Six Degrees of Separation Theory

six degrees of separation theory people are connected
Connecting with the people you have always dreamed of

Have you ever dreamed about meeting your favorite author, actor, or activist? Well you can, and it may be simpler that you thought. You may have heard before that through just six connections you can know anybody in the world. In other words, through a friend of a friend times six, you could know Robert Downy Jr or Elon Musk or the Queen of England. This idea that you can be connected to anyone throughout the world is called the “Six Degrees of Separation Theory.”

The world is simultaneously extremely large, yet surprisingly small and reachable from this perspective. Everybody is connected through their network. The trick is finding the right connections to pursue in order to meet such an individual.


In the 1960s Stanley Milgrama social psychologist, came up with a simple science experiment to see how many times an object would have to change hands in order to reach a chosen recipient. Milgram gave a few hundred people in Omaha, Nebraska a letter with instructions to give the letter, through a chain of their acquaintances, to someone in Boston, Massachusetts. According to an article by Thomas MacMillan, the first letter to reach its final recipient in Boston only took four days. An Omaha wheat farmer had given the letter to a minister, who then sent it to a colleague in Boston, who then delivered the letter to the specified destination. 

Although only a fraction of the original letters that Stanley Milgram sent out reached anyone in Boston, he concluded that on average, the letter only needed to change hands six times in order to reach anyone. Hence he called it the Six Degrees of Separation Theory. Since Stanley’s original experiment, the theory has been tested numerous times, including an experiment that Microsoft did in 2006 drawing from its user’s information that ended in the conclusion that the average number of connections that were needed is 6.6, not a far cry from the original six. Can you believe that it only takes an average of six connections in your social network to reach anyone in the world?


A fun play on the original theory that you may have heard of before is the Kevin Bacon Game. The Kevin Bacon Game was born when three students at the Albright College in Reading, Pennsylvania were watching a Kevin Bacon movie on television, and it was followed by two more movies with Kevin Bacon in them. They then developed the game whose object is to connect any random actor or actress to Kevin Bacon through the movies that they have been in, in the fewest number of connections.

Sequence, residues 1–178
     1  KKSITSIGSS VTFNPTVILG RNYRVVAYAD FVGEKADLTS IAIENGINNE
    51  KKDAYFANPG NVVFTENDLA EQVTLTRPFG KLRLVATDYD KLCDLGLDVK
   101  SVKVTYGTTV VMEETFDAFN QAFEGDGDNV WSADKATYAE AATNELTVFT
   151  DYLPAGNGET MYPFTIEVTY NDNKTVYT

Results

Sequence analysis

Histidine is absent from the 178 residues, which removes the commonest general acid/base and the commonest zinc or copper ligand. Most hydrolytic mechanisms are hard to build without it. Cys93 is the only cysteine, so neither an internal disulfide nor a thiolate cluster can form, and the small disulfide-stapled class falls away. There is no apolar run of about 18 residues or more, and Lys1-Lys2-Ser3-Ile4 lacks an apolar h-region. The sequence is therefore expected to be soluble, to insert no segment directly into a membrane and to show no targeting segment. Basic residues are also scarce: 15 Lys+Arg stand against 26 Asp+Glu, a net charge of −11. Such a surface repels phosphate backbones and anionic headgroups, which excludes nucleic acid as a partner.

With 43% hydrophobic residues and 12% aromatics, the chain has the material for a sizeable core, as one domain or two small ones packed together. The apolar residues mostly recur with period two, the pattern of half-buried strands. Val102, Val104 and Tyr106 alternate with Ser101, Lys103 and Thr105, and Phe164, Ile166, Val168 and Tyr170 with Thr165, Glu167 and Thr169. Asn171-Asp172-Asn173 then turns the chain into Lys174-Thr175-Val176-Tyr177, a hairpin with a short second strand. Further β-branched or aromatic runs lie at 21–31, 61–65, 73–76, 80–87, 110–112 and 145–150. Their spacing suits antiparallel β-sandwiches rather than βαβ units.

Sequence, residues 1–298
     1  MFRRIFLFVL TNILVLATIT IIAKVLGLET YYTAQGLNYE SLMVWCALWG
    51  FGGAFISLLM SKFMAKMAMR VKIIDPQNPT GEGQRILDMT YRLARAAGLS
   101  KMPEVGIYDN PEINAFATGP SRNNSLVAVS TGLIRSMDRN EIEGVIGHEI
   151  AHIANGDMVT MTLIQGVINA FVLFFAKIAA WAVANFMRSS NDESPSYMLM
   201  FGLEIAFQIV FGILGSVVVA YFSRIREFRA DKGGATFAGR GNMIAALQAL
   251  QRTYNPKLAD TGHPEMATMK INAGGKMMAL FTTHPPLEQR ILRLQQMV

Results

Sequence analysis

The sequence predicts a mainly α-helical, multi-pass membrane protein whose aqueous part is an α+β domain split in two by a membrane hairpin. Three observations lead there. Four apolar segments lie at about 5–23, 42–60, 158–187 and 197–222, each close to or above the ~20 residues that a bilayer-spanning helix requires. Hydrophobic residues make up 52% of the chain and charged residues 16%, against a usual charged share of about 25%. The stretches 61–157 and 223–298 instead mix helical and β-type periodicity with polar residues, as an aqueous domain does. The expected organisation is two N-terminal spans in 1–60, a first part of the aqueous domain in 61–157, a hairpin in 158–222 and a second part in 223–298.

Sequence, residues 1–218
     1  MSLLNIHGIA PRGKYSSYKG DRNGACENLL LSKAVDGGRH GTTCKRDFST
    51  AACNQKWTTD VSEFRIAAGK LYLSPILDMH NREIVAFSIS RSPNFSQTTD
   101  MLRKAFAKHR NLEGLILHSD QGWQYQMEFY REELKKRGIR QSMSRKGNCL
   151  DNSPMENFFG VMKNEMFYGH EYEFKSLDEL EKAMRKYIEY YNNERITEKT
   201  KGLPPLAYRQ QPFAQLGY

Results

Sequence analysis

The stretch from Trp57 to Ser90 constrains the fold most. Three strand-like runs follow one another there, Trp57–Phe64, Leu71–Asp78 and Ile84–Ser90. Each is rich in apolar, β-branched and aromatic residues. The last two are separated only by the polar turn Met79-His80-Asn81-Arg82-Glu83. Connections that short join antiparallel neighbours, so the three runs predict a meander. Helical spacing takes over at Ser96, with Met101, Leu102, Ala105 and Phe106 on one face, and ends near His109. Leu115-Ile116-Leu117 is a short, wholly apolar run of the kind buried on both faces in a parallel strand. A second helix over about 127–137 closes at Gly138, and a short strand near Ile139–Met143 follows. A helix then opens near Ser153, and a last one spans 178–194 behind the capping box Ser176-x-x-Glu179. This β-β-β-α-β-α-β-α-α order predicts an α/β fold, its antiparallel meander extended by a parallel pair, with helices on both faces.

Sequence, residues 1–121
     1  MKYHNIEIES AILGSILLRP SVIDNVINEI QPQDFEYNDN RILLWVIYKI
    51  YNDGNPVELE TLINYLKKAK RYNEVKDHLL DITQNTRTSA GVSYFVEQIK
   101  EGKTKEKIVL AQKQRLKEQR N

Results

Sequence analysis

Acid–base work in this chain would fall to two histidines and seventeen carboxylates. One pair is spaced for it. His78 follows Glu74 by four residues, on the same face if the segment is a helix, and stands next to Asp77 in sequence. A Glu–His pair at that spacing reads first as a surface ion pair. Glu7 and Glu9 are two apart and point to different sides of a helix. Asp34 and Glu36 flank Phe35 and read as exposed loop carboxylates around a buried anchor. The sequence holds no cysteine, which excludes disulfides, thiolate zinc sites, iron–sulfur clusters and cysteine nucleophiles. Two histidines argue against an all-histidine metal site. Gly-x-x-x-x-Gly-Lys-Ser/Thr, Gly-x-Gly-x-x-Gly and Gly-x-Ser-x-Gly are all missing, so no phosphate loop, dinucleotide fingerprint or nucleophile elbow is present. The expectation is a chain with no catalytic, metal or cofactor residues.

Although the Kevin Bacon Game is purely for fun, it is a testament that we as humans love making connections. After all, social media platforms now display mutual friends when you are considering following someone on Instagram or sending a friend request on Facebook, you have likely followed someone you may not know personally, but did so because of your mutual connection. We know how much value our social networks carry.


If a farmer in Nebraska can get a letter to a stranger in Boston almost sixty years ago, and do it in just four days, then the possibilities of networking with today’s technology are endless. Anybody with a social media account is searchable, and their contact information is often available, but these people may get thousands of emails a day, hundreds of texts, and dozens of pieces of fan mail. 

So, the challenge becomes separating yourself from the masses and making a memorable connection. This is where Circles comes in. Circles allows you to easily store key details on anyone in your life from family members to a potential investor in your company in an organized, searchable environment. 

Taking a genuine interest in someone and being able to recall information that is lesser known about them, but still important to their personal life will undoubtedly lead them to then take an interest in you, and what you have to offer. This is simple in theory, but remembering hundreds of birthdays, likes and dislikes, and key pieces of information, nonetheless following up on that information may feel like trying to teach monkeys to floss their teeth. With Circles you can conveniently store all this information, set reminders, and even gift directly through the app.  

A film called “Six Degrees of Separation” follows Paul Smith as he uses others’ connections for his own benefit. You will benefit from networking, but those you know can also benefit from your social circle.


Remembering bits of information on people in your life is essential to making, maintaining, and keeping those connections. For example, one of the most common pieces of advice given to job seekers is to send a follow up thank you note to your interviewer but remembering specific details about numerous potential employers and then remembering to send the “thank you” can be tricky. 

However, if you want to set yourself apart with Company XYZ then remembering to thank John Doe for his time and wishing him luck on his upcoming fishing trip to Alaska that he mentioned at the end of the interview may just get you the job. The same goes for any sort of potential personal connection. Think of the last time that someone send you a meaningful text, a handwritten note, or a useful gift. How did you feel, and did your connection with that person grow because of that interaction?

We live in the age of quick convenience, and the art of personalized, non-automated communication is dying, but Circles will allow you to recall the details or factoids that you need to make those six key connections to meet anybody you can dream up. So, the next time you think “I wish I could know _____________,” open the Circles app and get started with making the first connection that may change your life.